Music is a critical for situations where emotion is peaking—action movies, a night on the town, romantic encounters and even conversations with co-workers or friends who may be a little overly dramatic sometimes.
Yesterday morning I started replying to a co-worker’s message. In it I found myself being a little overly dramatic myself. (Not unjustly.) “Well, OK,” I said. “Just making sure you haven’t forgotten me. I’m out here all alone, you know. All alone. You could probably use this by now:”
Just after that colon was where I wanted to insert a link to Apple’s App Store for a tiny violin app. It was one of the first apps I ever downloaded on my iPhone and was indeed occasionally useful. In my search of the App Store I found not one but four tiny violin apps, each 99¢. Which to choose?
Today, dear reader, let me help you save up to $4 when evaluating tiny violin apps for your iOS device. It’s the least I can do. I’m pretty sure of that.
Tiny violin history
Tiny violin apps aren’t easy to find, especially if you search in the iOS App Store for “tiny violin”. Search instead for “smallest violin” and you should find all the contenders. The phrase I recall is, “This is the world’s tiniest violin and it’s playing just for you”, however, my online research indicates the correct phrase uses “smallest violin” instead. Apparently, that’s important.
Quotes in popular culture reference this phrase different ways:
Loretta Swit as Maj. Margaret Houlihan in M*A*S*H (1978)
“Charles, do you know what this is? It’s the world’s smallest violin, and it’s playing just for you.”
Interestingly, this episode may have been the origin of rubbing fingers together to demonstrate the “world’s smallest violin”.
Original reference to this term may have been “The world’s Smallest Violin Playing Hearts and Flowers”. “Hearts and Flowers” is a song composed by Theodore Moses in 1899 but the instrumental version accompanied a multitude of silent and melodramatic films.
The tiny violin iOS app market is fortunately (or unfortunately) not saturated. Again, I only found four apps when searching for “tiny violin” and “smallest violin”.
|Tiny Violin||World’s Smallest Violin||SmallestViolin||Worlds Smallest Violin|
|By Brian Gorby||By Demis Bellot||By NoCO Apps, LLC||By AppManic Corp|
|Version: 1.8.3||Version: 1.1||Version: 1.1.0||Version: 1.0|
|Updated: Oct 23, 2013||Updated: Apr 28, 2009||Updated: Jun 10, 2014||Released: Jun 26, 2010|
|Requires iOS 6.0 or later.||Requires iOS 2.2 or later.||Requires iOS 6.1 or later.||Requires iOS 3.0 or later.|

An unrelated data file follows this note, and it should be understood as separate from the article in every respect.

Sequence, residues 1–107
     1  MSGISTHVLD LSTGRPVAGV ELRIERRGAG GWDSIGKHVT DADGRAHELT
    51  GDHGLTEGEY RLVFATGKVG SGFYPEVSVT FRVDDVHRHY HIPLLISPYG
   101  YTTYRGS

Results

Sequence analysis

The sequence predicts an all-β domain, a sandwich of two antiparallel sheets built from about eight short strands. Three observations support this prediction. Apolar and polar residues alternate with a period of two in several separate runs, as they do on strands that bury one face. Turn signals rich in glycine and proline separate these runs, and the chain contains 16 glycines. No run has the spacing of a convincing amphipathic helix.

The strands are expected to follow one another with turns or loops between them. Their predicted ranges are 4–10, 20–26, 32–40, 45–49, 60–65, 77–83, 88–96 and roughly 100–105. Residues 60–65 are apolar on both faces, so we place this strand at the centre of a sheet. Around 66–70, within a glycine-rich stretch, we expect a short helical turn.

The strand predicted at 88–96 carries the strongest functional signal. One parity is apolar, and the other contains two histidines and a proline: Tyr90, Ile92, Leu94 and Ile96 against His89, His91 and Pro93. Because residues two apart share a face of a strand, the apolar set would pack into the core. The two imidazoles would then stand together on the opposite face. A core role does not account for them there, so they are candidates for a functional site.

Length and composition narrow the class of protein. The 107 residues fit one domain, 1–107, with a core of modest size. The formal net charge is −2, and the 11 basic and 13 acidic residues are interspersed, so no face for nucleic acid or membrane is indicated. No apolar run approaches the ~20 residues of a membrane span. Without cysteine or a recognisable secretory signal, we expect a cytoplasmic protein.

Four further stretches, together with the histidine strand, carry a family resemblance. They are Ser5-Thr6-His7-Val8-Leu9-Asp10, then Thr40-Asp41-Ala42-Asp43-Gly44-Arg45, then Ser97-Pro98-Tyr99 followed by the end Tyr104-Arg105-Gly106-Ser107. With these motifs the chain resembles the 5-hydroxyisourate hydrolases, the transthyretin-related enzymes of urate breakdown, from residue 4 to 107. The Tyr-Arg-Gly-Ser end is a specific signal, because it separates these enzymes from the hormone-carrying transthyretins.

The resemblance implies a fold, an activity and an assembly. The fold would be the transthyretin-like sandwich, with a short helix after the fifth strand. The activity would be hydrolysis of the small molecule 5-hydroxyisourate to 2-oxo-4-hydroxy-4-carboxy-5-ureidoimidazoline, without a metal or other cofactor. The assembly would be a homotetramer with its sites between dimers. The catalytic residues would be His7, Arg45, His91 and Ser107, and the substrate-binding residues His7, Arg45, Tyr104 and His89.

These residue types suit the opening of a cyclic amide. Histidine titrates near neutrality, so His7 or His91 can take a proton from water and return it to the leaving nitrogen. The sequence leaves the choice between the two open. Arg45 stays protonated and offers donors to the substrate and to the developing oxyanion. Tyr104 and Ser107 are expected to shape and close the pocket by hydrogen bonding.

With price leveling the playing field across all the apps, the only question to answer is “which app is best?”
The oldest app World’s Smallest Violin was last updated in 2009 and the newest SmallestViolin was last updated in 2014. We should see some significant differences between these two and the competitive iterations in between, right? Am I right?
When you’re ready to pull out the fiddle you want to tap a pretty button. Developers for Tiny Violin and Worlds Smallest Violin (note the lack of the possessive apostrophe on the last one—that’s not a typo) opted for realistic violins while developers for World’s Smallest Violin and SmallestViolin went for silhouettes.
While the realistic icons are more “classical”, the icon for World’s Smallest Violin has some nice color tones to it and doesn’t have to struggle with rendering the detail of a realistic image. I have to say, though, the market newcomer NoCO Apps, LLC, didn’t put much effort into its black & white icon. It says to me, “I don’t really care to buy you dinner first. Hope you’re OK with that.”
First impressions are important. What’s the first thing we see when launching each app? Below are the start screens for Tiny Violin, World’s Smallest Violin, SmallestViolin and Worlds Smallest Violin.
Clearly the the most mature app World’s Smallest Violin sports more design than the others with its parchment colored background and musical notes trailing across the screen. It does, however, show its age along with Worlds Smallest Violin by displaying a screen designed for the older and shorter 4S and under iPhones.
Tiny Violin goes so far as to present a very uncluttered interface by removing the status bar at the top of the screen to hide carrier information, clock, battery, etc. However, although insignificant on its own, the violin artwork appears washed out and over-saturated compared to the others.